Here's your answer to all those who told you not to play those violent shooter games or hunt down killers on PlayStation and Xbox. On the contrary, research shows that playing video games may boost a range of cognitive skills like spatial navigation, reasoning, memory and perception. These skills would strengthen learning, health and social skills.
Teams of psychologists, clinicians and game designers should work together to develop approaches to mental health care that integrate video game playing with traditional therapy, researchers suggested based on the findings of several studies on the positive impact of gaming.
Violent games enhance learning more than puzzles
For decades, psychologists, sociologists and other health professionals have been arguing over the impact of video games, the violent ones in particular, on the psyche of youngsters. With more and more shoot-outs being reported and increasing crime, the debate has only been raging further. In the wake of all that, this research, which challenges many stereotypes, becomes even more important. The American Psychological Association is conducting a comprehensive review of the research on this subject, and will be publishing its findings in its journal soon.
According to several studies reviewed, playing video games, especially shooter video games that are often violent, may improve range of cognitive skills like spatial navigation, reasoning, memory and perception. APA review quotes a 2013 meta-analysis which found that playing shooter video games improved a player’s capacity to think about objects in three dimensions, just as well as academic courses to enhance these same skills. “This has critical implications for education and career development, as previous research has established the power of spatial skills for achievement in science, technology, engineering and mathematics,” lead author of the review Isabela Granic, PhD, of Radboud University Nijmegen in The Netherlands, said. Puzzles or role-playing games was not found to involve this enhanced thinking.
Granic, Adam Lobel and Rutger C. M. E. Engels of Radboud University Nijmegen summarised the research on the positive effects of playing video games, focusing on four main domains: cognitive, motivational, emotional and social, in an article. Clarifying that they are not suggesting that findings of decades of research on the negative effects of gaming should be ignored, they said: "However, to understand the impact of video games on children’s and adolescents’ development, a more balanced perspective is needed."
Angry Birds and World of Warcraft can help
Simple games like 'Angry Birds', which are easy to access and can be played quickly, can improve players’ moods, promote relaxation and ward off anxiety, the study said. “If playing video games simply makes people happier, this seems to be a fundamental emotional benefit to consider,” said Granic. Video games could be effective tools to learn resilience in the face of failure, as the gamers learn to cope with ongoing failures in games, the authors of the study pointed out. Emotional resilience is a key strength that would come handy in their everyday lives.The research questions the stereotype of the “socially isolated gamer”. The article points out that more than 70 percent of gamers play with a friend and millions of people worldwide participate in massive virtual worlds through video games such as 'Farmville' and 'World of Warcraft'.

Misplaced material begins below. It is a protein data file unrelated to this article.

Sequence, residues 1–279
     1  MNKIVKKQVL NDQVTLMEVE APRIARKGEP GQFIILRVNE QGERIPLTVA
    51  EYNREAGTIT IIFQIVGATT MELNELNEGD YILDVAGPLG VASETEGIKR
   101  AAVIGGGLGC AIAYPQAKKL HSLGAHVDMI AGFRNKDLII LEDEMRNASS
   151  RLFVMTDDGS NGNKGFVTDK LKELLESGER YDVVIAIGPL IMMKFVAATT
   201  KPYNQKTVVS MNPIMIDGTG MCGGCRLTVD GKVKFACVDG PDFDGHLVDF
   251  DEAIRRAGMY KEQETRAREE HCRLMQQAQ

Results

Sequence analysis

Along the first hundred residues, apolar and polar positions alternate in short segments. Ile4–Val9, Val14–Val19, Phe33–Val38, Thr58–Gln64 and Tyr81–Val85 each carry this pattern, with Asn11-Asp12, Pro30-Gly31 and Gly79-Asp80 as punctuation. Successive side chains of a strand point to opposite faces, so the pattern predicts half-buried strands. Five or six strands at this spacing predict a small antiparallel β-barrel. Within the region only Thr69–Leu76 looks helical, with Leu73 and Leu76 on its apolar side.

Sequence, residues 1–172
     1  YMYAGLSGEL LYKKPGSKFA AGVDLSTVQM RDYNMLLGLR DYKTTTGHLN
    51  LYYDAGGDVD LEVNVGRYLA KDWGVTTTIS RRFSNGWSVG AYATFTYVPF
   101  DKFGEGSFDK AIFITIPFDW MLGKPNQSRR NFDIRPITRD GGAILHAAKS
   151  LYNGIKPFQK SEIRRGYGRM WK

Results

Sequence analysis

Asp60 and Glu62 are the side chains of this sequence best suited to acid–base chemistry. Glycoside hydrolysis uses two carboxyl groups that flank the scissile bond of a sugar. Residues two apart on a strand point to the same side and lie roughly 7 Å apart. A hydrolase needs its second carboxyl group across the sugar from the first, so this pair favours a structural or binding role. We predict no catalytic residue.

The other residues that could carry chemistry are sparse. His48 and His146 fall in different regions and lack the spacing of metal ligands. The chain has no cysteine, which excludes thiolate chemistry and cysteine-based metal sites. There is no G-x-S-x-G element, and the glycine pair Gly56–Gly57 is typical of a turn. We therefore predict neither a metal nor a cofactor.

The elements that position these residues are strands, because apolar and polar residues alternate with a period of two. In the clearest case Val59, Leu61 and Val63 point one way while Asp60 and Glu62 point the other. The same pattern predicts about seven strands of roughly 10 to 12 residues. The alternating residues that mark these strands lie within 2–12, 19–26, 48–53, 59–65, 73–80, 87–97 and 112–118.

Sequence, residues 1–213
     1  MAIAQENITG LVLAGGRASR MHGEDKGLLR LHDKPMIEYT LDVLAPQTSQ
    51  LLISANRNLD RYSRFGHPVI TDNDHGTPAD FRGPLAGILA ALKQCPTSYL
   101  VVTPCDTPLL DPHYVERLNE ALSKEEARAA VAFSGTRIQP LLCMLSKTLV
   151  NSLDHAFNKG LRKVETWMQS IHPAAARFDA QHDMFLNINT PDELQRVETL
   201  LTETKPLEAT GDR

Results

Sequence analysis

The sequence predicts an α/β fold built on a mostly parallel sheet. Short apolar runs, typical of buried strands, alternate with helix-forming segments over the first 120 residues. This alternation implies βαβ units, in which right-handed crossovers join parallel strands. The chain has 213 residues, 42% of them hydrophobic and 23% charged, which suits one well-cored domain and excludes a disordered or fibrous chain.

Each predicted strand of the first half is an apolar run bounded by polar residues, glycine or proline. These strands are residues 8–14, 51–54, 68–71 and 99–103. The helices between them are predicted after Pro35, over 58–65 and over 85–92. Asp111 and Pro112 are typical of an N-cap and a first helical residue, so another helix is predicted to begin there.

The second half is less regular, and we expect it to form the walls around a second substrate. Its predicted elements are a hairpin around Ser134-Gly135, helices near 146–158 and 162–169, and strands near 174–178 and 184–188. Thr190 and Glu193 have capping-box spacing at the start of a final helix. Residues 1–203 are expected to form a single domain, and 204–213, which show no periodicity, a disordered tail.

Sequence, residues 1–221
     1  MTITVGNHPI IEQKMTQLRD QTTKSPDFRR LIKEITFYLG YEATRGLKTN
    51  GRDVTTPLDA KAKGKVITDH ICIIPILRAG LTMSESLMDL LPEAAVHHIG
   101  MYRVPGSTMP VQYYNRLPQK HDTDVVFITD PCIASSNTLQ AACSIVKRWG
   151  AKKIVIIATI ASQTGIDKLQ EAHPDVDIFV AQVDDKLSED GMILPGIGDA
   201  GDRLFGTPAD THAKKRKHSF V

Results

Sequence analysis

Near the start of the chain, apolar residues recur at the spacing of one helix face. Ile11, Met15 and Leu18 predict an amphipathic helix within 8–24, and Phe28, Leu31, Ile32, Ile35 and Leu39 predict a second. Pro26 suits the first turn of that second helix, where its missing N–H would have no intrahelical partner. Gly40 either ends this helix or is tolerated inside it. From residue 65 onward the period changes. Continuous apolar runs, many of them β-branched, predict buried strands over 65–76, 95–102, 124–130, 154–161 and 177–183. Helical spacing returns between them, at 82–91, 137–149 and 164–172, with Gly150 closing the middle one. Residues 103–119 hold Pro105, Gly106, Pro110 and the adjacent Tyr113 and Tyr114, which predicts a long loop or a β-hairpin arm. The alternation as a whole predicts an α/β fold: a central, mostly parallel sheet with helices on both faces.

“Multiplayer games become virtual social communities, where decisions need to be made quickly about whom to trust or reject and how to lead a group,” the authors said. A 2011 study quoted in the article found that those who play video games that encourage cooperation, even if they are violent games, are more likely to be helpful to others while gaming than those who play the same games competitively.
Work with clinicians, researchers tell game developers
According to a long-term study published in 2013, video games may also help children develop problem-solving skills.
Granic, Lobel and Engels said that the more adolescents reported playing strategic video games, such as role-playing games, the more they improved in problem solving and school grades the following year. Children’s creativity was also enhanced by playing any kind of video game, including violent games, but not when the children used other forms of technology, such as a computer or cell phone, other research revealed.Physicians have also begun to use video games to motivate patients to improve their health, the authors said. In the video game “Re-Mission,” child cancer patients can control a tiny robot that shoots cancer cells, overcomes bacterial infections and manages nausea and other barriers to adhering to treatments. A 2008 international study in 34 medical centers found significantly greater adherence to treatment and cancer-related knowledge among children who played “Re-Mission” compared to children who played a different computer game.
“It is this same kind of transformation, based on the foundational principle of play, that we suggest has the potential to transform the field of mental health,” Granic said. “This is especially true because engaging children and youth is one of the most challenging tasks clinicians face.”
Educators are redesigning classroom experiences, integrating video games, the authors pointed out. Citing examples, they recommended that teams of psychologists, clinicians and game designers should work together to develop approaches to mental health care that integrate video game playing with traditional therapy.